Mrs. Tompkins, a wealthy twenty-eight year old widow, was living in Richmond when the first battles of the war began filling the streets with wounded soldiers. She organized a hospital in a home donated for that purpose and poured her own financial resources into it. Robertson Hospital quickly gained a reputation for providing the best care available, prompting military authorities to send to her their most seriously injured.
By late 1861, War Department regulations requiring that all hospitals treating soldiers be operated by the military forced the closing of private facilities. The wounded would now be admitted to the sprawling, 3,000-bed Chimborazo Hospital. Mrs. Tompkins appealed to the Confederate president. Recognizing the quality and extraordinary success rate of her little hospital, Jefferson Davis determined to keep it open by outflanking his bureaucrats. Davis commissioned Sally Tompkins a captain of cavalry (unassigned) in the army of the Confederate States! Her hospital would continue saving lives for the duration of the war, under the direction of the Confederacy’s only female army officer.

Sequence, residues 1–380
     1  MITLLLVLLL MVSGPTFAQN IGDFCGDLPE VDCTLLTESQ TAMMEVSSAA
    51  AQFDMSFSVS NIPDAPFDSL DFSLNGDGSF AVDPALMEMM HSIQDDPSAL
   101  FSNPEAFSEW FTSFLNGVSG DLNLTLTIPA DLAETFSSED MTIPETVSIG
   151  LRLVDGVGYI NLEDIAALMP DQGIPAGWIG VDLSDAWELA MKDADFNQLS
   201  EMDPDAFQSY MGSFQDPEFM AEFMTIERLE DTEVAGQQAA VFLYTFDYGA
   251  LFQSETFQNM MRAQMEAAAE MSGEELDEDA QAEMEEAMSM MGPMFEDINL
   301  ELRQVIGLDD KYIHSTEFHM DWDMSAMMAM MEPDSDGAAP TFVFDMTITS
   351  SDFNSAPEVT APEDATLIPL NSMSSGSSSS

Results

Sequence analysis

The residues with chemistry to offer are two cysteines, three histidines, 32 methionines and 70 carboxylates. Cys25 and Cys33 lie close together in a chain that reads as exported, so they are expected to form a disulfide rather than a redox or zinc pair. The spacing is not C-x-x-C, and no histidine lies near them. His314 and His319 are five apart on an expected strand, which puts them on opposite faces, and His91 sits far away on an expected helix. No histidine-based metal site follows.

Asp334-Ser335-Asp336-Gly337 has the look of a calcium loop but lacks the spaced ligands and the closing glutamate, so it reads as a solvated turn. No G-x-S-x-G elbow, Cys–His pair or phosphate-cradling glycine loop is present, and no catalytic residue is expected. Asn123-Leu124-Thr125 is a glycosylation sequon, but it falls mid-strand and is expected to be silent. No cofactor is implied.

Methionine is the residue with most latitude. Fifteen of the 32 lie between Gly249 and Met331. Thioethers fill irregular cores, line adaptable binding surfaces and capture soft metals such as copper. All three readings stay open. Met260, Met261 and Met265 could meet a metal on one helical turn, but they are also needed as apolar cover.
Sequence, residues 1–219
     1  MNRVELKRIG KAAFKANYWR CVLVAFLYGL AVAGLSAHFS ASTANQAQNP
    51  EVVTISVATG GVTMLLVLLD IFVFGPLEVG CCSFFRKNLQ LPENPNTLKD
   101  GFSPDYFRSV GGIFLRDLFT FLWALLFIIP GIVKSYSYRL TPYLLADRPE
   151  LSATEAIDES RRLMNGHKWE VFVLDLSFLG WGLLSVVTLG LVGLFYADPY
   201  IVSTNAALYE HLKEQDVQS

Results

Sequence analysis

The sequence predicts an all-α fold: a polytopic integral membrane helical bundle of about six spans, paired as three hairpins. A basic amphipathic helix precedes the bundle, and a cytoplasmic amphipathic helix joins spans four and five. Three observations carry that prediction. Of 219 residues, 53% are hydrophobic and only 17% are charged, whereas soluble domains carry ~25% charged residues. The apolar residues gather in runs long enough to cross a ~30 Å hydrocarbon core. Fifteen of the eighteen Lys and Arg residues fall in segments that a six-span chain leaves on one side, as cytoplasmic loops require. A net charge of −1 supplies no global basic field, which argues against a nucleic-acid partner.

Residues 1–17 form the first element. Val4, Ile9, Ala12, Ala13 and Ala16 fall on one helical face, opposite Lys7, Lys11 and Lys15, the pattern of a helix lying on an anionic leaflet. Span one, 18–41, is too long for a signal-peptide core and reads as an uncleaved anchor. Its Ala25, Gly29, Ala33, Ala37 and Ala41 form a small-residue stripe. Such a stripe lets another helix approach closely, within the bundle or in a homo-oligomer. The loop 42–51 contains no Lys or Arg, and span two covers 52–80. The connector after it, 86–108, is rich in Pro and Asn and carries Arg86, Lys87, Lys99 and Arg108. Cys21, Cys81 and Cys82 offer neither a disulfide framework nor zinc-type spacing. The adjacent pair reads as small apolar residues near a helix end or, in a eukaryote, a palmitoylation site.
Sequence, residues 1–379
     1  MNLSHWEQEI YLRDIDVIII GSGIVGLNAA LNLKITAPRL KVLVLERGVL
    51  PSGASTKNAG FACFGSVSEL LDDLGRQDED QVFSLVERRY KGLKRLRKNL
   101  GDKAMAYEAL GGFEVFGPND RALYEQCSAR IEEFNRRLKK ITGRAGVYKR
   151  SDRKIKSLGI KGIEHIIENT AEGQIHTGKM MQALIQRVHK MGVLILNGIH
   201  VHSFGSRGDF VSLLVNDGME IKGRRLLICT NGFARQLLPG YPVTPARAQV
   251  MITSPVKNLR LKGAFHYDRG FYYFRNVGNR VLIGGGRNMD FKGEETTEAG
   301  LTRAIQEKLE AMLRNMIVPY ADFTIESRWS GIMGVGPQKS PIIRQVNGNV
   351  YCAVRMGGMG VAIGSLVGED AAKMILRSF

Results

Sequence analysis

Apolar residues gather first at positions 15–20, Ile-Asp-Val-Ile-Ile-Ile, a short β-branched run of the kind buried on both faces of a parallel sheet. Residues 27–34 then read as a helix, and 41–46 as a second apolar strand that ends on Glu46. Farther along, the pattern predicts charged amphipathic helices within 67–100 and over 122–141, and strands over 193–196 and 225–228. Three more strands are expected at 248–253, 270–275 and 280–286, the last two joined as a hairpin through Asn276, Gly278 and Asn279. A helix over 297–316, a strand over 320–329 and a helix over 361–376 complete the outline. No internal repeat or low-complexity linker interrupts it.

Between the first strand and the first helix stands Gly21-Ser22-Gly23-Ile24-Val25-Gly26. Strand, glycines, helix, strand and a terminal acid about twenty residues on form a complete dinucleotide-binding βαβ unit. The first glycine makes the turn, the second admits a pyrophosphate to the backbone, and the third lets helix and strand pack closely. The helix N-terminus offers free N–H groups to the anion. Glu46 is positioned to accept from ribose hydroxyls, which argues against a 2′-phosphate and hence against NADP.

After the war she continued to do all she could to help former soldiers of the Confederacy. Her final years were spent in Richmond’s Women’s Home. Having dedicated her life and exhausted her resources in the service of her country and its veterans, “Captain Sally” died in 1916. She was given a funeral with full military honors, as befitted a soldier of the South.
“Do not lay up for yourselves treasures on earth, where moth and rust destroy and where thieves break in and steal; but lay up for yourselves treasures in heaven …” Matthew 6-19-20a
South Carolina League of the South